17 June 2024

A dawning hope for trauma in the church

Graham Stanton 

30 March 2023

Cockayne, Joshua, Scott Harrower, and Preston Hill. Dawn of Sunday: The Trinity and trauma-safe churches. Eugene, Oregon: Cascade, 2022. 

Dawn of Sunday opens with a quotation that is perhaps as unappealing as it is accurate: “the world is full to overflowing with pain”. Neither ignoring the reality nor being overcome by it, this book invites us to become “trauma safe” churches. By connecting the reality of trauma with the fullness of God, the Father, Son, and Holy Spirit, Dawn of Sunday invites churches to be communities that offer protection and healing for those who have experienced such suffering. 

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Ridley College Christian Thought lecturer Scott Harrower has co-authored this book along with fellow pastor-scholars, Joshua Cockayne from the UK, and Preston Hill from the USA. Part one provides an understanding of trauma drawing on insights from theology, psychology, and medicine. Part two explores how the work of God the Trinity is a source of trauma recovery. Part three integrates those two perspectives in clear principles and practices that characterise trauma-safe churches. 

I appreciated the frequent use of real-life stories in the book, keeping the lived experience of trauma survivors before us. The book helped me recognise that: “many survivors suffer in silence with overbearing feelings of rage, helplessness, despair, and terror. These survivors are in our midst. They are in our churches” (p154).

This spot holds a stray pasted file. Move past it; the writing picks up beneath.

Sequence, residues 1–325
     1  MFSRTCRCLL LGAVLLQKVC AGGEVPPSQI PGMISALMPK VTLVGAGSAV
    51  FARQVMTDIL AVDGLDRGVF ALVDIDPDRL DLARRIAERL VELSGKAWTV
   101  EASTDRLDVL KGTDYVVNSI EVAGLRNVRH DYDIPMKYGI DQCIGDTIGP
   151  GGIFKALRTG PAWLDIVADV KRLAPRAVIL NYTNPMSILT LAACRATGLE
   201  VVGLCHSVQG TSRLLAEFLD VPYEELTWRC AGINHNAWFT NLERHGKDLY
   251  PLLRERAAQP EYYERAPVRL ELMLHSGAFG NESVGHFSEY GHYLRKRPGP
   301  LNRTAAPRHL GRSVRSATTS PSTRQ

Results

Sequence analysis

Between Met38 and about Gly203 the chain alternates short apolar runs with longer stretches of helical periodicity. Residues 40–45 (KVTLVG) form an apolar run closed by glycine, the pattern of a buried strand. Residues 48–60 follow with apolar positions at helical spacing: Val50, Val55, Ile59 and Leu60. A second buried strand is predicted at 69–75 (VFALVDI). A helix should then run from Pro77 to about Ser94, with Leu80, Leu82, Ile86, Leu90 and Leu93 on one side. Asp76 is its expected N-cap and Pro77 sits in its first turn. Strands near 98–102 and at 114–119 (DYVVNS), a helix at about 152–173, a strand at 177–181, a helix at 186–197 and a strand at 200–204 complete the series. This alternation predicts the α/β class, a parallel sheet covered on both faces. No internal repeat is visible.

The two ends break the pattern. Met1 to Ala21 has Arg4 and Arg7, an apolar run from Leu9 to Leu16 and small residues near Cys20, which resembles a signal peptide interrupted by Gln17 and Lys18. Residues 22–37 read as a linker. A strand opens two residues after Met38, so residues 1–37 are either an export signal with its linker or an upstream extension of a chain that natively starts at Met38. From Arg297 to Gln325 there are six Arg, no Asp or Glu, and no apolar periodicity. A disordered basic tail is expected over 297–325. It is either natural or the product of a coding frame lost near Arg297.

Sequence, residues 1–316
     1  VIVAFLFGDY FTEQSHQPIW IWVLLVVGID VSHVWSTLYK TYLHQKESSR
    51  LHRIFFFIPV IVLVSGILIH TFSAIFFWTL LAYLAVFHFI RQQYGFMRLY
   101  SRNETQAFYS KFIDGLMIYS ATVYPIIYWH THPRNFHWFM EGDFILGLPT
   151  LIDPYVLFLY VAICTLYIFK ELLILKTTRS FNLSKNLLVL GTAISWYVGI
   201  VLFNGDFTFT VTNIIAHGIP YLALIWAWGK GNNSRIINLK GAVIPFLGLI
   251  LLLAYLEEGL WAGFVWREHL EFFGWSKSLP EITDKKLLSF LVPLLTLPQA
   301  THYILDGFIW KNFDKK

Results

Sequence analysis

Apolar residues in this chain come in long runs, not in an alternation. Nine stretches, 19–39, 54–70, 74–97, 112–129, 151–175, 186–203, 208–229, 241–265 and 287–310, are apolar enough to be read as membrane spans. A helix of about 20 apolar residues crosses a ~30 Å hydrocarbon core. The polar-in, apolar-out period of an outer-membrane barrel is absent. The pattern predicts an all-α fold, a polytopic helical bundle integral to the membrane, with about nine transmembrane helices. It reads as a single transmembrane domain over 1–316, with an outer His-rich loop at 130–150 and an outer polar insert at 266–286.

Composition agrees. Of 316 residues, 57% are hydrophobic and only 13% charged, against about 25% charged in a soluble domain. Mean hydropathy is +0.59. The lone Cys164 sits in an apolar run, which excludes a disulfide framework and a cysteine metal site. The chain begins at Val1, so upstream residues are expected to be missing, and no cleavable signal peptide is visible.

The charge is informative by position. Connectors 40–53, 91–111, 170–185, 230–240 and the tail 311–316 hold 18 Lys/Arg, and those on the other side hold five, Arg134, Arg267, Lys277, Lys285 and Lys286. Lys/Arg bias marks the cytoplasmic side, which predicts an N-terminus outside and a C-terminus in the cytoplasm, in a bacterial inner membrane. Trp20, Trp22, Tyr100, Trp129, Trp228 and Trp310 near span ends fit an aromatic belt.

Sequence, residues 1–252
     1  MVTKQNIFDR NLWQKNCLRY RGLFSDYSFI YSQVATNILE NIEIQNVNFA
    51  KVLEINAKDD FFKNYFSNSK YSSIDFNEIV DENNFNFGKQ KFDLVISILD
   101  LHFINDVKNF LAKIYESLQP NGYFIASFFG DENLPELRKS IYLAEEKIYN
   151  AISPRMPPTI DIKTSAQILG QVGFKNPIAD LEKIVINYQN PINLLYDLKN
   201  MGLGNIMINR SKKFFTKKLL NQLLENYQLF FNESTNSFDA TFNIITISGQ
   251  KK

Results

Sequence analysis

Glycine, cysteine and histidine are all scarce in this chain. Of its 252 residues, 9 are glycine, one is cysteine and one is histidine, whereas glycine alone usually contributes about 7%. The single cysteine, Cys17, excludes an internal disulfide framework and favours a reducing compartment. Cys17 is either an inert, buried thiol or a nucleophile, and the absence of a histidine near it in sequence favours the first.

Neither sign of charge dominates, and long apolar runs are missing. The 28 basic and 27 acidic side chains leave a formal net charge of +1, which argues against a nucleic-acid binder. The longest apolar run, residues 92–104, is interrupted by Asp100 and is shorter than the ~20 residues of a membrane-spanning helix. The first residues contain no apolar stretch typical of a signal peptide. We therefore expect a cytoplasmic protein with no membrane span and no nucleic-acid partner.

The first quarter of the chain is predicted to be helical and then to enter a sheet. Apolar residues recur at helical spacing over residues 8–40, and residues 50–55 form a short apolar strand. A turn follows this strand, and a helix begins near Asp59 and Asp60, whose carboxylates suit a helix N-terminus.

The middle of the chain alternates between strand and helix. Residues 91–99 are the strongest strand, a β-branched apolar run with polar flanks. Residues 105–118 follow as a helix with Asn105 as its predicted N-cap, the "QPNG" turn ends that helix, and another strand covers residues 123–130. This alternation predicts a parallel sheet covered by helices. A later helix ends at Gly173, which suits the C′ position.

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Some readers may baulk at the deep theology in part two, preferring to skip to the “practical bit” at the end. That would be a mistake. If the church does nothing more than just “learn the tricks” of trauma response it can be used to perpetuate harm. The church will only be a source of healing if it is the community that is profoundly shaped by the being and work of God. The church is a place of safety when it invites people into relationship with the “Father of lights”. The church offers life-giving friendship when it mediates the presence of Jesus our friend. The church offers comfort and safety when it shares the indwelling Spirit of comfort and safety. 

In the cold of winter, I love waking up while it’s still dark, pulling on the warmest clothes in my wardrobe, and going for a walk early enough to witness the first light of the sun at the start of a new day. There is something hopeful in the dawn, especially alongside the challenges of the cold and dark. This book invites us to take hold of the challenge and hope of living at the dawn of Easter Sunday. In Christ we get to be that human community that will neither turn away from the horrors of trauma nor be overwhelmed by them. We get to be that human community that is enlivened by hope, and therefore enabled to persevere in faith-filled love.  

Read more: God meets us even when our best efforts seem hopeless 

Joshua Cockayne, Scott Harrower, and Preston Hill have given us a rich resource for healing those who have been damaged by trauma. Indeed, this is a rich resource for being the church: witnesses to the resurrection who wait patiently for the kingdom to come. 

Graham Stanton is lecturer in Practical Theology at Ridley College. 

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